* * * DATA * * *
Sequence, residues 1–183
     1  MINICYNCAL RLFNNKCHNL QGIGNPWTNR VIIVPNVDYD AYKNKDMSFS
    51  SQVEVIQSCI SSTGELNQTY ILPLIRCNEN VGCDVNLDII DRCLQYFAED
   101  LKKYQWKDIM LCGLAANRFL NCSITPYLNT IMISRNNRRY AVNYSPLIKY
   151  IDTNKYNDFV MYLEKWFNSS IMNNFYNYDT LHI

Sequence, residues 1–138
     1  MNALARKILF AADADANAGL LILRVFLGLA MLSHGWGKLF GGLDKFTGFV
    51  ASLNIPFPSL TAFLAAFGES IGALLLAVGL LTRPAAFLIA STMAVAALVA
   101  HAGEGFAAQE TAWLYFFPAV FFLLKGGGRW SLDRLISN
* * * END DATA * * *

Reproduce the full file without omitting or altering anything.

Sequence, residues 1–183
     1  MINICYNCAL RLFNNKCHNL QGIGNPWTNR VIIVPNVDYD AYKNKDMSFS
    51  SQVEVIQSCI SSTGELNQTY ILPLIRCNEN VGCDVNLDII DRCLQYFAED
   101  LKKYQWKDIM LCGLAANRFL NCSITPYLNT IMISRNNRRY AVNYSPLIKY
   151  IDTNKYNDFV MYLEKWFNSS IMNNFYNYDT LHI

Sequence, residues 1–138
     1  MNALARKILF AADADANAGL LILRVFLGLA MLSHGWGKLF GGLDKFTGFV
    51  ASLNIPFPSL TAFLAAFGES IGALLLAVGL LTRPAAFLIA STMAVAALVA
   101  HAGEGFAAQE TAWLYFFPAV FFLLKGGGRW SLDRLISN